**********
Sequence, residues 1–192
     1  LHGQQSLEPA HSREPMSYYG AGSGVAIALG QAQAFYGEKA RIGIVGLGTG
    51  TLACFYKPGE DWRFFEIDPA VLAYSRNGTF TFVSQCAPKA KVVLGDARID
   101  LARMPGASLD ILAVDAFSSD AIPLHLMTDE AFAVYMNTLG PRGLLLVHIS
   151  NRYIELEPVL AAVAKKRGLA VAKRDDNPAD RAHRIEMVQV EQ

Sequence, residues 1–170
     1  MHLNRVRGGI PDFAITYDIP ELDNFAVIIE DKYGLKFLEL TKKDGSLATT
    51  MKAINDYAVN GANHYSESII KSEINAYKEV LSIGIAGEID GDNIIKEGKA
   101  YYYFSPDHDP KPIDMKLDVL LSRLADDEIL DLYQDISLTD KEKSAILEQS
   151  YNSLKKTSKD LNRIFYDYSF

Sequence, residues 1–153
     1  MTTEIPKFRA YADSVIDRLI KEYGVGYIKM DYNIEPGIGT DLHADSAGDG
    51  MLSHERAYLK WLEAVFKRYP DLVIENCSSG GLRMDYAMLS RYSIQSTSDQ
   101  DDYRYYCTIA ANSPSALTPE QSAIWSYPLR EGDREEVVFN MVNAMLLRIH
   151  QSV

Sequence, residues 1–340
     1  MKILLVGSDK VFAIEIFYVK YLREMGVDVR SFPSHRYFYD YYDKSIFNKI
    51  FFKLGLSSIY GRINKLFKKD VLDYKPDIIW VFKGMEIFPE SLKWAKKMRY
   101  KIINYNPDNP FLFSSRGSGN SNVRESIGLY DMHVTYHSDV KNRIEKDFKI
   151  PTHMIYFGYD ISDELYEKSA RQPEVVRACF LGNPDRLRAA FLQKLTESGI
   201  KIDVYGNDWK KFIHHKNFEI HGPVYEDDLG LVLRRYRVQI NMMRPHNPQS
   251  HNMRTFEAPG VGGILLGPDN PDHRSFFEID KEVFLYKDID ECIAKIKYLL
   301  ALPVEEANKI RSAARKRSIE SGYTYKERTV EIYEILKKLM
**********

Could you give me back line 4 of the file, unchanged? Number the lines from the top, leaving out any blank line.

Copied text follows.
   101  LARMPGASLD ILAVDAFSSD AIPLHLMTDE AFAVYMNTLG PRGLLLVHIS